Florida Chamber of Commerce unveils legislative endorsements

The Florida Chamber of Commerce on Wednesday unveiled its endorsements in legislative races across the Sunshine State, backing candidates based on their positions on how to bring jobs to the state and improve a continuing sluggish economy.

“To create a stable and predictable business climate that helps to create private-sector jobs and grow our state’s economy, we need a Legislature that focuses on free-enterprise principles and solutions,” said David Hart, the executive vice president of the Florida Chamber, on Wednesday. “We are pleased to support these pro-jobs, pro-business candidates and look forward to mobilizing our employer members and local Chamber of Commerce partners as well as their more than 3 million employees with far-reaching grassroots advocacy efforts.”

With primaries looming on Aug. 14, the Florida Chamber weighed in on some of the most intriguing legislative battles across the Sunshine State. It backed former Rep. Aaron Bean over Rep. Mike Weinstein, R-Jacksonville, in the primary fight to replace term-limited Sen. Steve Wise, R-Jacksonville, in representing parts of the First Coast

With Sen. Jim Norman, R-Tampa, ending his bid for re-election last month, the Florida Chamber endorsed House Speaker Pro Tempore John Legg, R-New Port Richey, for that Senate seat over his Republican primary opponents — former Rep. Rob Wallace and businessman and veteran John Korsak. The Florida Chamber backed Rep. Kelli Stargel, R-Lakeland, in the Republican primary over former Polk County Commissioner Jack Myers and businessman Ron Rushing in the battle for an open Senate seat.

The Chamber did not back candidates in two of the more competitive Republican state Senate primaries. Former state Senate President Tom Lee looks to head back to Tallahassee, but Rep. Rachel Burgin, R-Tampa, is also seeking the Republican nomination. The Florida Chamber did not endorse either candidate in that primary contest. Nor did it get behind either Rep. Jeff Brandes, R-St. Petersburg, or House Majority Whip Jim Frishe, R-Belleair Bluffs, in their primary contest, as they both look to move up to the Senate.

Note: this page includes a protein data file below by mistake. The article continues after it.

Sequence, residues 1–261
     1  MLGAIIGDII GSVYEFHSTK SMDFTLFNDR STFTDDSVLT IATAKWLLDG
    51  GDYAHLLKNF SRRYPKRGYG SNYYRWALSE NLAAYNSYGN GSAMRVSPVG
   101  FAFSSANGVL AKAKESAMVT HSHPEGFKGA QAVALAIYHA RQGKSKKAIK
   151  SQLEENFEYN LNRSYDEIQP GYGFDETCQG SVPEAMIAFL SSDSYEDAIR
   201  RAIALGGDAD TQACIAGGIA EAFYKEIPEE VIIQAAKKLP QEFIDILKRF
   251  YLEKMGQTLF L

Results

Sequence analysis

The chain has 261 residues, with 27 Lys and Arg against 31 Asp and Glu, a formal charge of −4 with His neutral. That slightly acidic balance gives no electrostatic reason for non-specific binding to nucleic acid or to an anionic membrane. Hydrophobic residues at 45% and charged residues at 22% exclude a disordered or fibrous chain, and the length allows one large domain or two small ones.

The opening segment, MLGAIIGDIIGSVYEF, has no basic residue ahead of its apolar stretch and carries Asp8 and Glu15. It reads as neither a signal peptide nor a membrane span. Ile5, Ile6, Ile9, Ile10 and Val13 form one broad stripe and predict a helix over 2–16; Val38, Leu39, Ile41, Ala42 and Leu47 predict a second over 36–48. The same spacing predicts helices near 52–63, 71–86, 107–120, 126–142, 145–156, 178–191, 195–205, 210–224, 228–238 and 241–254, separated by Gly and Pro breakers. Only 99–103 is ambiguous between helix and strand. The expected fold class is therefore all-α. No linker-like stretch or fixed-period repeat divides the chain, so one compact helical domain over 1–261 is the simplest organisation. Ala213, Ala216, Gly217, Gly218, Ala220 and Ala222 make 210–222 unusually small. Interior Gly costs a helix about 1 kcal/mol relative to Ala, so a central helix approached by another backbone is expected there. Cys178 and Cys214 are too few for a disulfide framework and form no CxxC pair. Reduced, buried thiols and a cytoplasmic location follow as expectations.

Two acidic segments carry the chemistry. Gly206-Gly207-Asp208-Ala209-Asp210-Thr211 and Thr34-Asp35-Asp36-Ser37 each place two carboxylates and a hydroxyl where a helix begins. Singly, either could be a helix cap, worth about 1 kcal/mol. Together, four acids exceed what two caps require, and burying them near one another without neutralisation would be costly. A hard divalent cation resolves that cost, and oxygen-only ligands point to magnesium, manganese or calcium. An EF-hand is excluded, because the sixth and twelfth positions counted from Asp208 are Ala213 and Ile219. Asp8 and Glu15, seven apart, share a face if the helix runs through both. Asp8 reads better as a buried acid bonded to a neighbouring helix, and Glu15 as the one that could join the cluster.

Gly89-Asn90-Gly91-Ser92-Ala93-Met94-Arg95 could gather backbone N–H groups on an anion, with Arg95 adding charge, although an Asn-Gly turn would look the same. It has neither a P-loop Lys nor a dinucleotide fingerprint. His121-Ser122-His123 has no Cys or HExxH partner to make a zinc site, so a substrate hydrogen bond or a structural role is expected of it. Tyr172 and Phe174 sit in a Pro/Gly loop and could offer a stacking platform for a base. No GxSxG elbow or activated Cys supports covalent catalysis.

The Florida Chamber waded into three of the more competitive Democratic primaries for state Senate seats. Victoria Siplin got the nod over Rep. Geri Thompson, D-Orlando, for the Senate seat currently held by her husband, Sen. Gary Siplin, D-Orlando. With Sen. Larcenia Bullard, D-Miami, facing term limits, the Florida Chamber backed House Democratic Leader Ron Saunders of Key West over his opponents, including Rep. Dwight Bullard, D-Miami, the son of the current incumbent, and former Rep. James Bush.

In another clash between two Democrats looking to move up from the House to the Senate, the endorsement went to Rep. Mack Bernard, D-West Palm Beach, over Rep. Jeff Clemens, D-Lake Worth.

The Florida Chamber backed 10 incumbents in the Senate who face opposition in November. In one of the more closely watched legislative races in the state, the Florida Chamber backed Sen. Ellyn Bogdanoff, R-Fort Lauderdale, over fellow incumbent Sen. Maria Sachs, D-Delray. Incoming Senate President Don Gaetz, R-Niceville, got the Chamber’s endorsement over Richard Harrison who is running with no party affiliation. Sen. Bill Montford of Tallahassee is the one Democrat incumbent who has the Chamber’s support as he faces Republican challenger John Shaw in November.